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Iceland raises interest rate again to tame inflation

posted onNovember 17, 2021

The Monetary Policy Committee (MPC) of the Central Bank of Iceland (CBI) chose to raise the key interest rate by 50 basis points, taking it to 2% during its meeting on Thursday (Nov. 17).

The central bank, the first in Western Europe to raise rates since Covid-19 struck, had raised its key rate by 25 basis points each in May, August and October. 

The MPC noted that annual inflation rate in Iceland ticked up to 4.5% in October, mainly driven by prices of housing & utilities but the contributions from global oil and commodity prices has also grown stronger.

The Consumer Price Index excluding housing increased by 0.47% during October, however, and twelve-month inflation thus measured was 3.0%. The numbers show both that there is a significant difference between inflation with and without the housing component, and that inflationary pressures are rather widespread at present.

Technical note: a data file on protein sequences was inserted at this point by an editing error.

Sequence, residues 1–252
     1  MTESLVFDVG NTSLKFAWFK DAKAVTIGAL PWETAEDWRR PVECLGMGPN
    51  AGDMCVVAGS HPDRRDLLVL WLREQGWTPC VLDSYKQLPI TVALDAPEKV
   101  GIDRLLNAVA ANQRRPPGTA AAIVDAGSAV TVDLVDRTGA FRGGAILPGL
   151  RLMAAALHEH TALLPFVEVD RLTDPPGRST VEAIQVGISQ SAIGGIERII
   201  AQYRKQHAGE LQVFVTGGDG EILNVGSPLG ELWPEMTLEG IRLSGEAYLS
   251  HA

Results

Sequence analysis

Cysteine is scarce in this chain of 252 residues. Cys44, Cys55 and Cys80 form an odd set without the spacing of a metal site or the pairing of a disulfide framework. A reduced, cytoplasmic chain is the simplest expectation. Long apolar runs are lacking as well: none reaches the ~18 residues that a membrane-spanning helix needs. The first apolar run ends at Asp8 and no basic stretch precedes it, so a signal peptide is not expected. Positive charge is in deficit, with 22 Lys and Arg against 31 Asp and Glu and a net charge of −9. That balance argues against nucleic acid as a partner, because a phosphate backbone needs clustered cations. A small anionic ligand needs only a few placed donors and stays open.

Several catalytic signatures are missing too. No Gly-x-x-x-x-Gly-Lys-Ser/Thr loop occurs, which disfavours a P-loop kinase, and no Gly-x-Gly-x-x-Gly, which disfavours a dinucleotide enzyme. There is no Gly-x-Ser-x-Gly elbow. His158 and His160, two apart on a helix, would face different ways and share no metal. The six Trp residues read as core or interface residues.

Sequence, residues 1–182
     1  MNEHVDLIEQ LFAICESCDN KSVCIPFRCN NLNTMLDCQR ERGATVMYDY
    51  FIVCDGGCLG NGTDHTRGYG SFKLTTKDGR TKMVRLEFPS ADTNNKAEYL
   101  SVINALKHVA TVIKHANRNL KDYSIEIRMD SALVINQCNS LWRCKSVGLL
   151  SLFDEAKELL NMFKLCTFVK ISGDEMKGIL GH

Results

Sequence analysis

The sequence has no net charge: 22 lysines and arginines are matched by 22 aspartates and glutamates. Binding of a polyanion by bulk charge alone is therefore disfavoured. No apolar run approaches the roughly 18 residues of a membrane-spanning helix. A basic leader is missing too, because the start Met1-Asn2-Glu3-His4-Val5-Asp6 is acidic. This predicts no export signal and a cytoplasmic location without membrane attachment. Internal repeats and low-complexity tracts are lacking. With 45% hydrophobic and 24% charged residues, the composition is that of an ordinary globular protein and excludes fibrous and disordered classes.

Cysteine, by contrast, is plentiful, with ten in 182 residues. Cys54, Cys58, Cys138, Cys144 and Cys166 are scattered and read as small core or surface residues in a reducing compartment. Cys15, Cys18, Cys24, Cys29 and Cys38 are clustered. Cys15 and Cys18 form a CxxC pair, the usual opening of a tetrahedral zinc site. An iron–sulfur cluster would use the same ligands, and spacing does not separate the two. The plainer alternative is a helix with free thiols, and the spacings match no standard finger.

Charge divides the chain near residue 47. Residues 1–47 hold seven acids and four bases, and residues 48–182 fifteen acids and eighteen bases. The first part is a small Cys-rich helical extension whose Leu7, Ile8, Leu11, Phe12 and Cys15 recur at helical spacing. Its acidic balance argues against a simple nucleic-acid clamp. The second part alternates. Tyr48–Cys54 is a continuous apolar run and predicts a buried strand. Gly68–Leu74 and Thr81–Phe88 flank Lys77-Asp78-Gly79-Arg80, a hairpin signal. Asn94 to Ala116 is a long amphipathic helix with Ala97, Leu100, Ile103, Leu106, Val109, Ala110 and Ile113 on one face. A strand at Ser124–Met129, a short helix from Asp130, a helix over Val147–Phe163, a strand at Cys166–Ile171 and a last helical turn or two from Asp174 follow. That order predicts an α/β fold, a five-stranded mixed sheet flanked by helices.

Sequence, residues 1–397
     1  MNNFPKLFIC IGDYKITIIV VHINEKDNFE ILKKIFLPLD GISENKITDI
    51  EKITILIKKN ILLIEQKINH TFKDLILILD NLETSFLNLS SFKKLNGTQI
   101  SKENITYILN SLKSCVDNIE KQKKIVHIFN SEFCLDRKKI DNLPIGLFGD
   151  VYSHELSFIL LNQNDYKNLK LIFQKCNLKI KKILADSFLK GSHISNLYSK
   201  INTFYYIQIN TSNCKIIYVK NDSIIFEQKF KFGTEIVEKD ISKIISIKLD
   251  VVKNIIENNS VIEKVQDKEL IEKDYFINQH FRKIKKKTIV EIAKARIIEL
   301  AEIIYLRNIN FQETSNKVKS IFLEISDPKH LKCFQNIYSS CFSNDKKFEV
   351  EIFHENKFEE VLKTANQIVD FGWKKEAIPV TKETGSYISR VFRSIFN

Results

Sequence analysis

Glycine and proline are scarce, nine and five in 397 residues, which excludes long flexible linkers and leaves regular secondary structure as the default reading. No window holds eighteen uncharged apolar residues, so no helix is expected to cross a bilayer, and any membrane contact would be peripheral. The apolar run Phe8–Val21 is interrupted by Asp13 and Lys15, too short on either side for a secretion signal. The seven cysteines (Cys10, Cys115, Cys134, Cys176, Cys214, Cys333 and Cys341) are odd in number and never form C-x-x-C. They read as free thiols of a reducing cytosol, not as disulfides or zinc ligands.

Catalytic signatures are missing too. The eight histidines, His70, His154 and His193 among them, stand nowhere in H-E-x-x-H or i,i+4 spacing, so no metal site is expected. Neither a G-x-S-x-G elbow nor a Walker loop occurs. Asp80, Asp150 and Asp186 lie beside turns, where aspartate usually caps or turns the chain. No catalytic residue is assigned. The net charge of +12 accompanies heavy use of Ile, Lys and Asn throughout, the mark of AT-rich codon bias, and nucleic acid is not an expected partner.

“The inflation outlook has deteriorated somewhat since August, owing in part to more persistent global price increases, a more rapid rebound in domestic economic activity, and rising wage costs,” rate setters in Reykjavik said.

According to the Bank’s new macroeconomic forecast, published in theNovember Monetary Bulletin, the outlook is for GDP growth to measure about 4% in 2021, broadly in line with the August forecast.
Inflation is seen above 4% through the year-end, before aligning with the central bank's 2.5% target in the Q3 of 2022. 

Policymakers also reiterated their commitment to apply the tools at their disposal to ensure that inflation returns to target within an acceptable time range.

Next year GDP growth is expected to surpass 5% amid better export prospects.

Nevertheless, significant uncertainty remains, and as before, economic developments will depend on the path the pandemic takes, the central bank said. 

The north Atlantic island, which heavily depends on tourism, took a bigger hit from the pandemic last year than its Nordic peers, triggering a string of interest-rate cuts.

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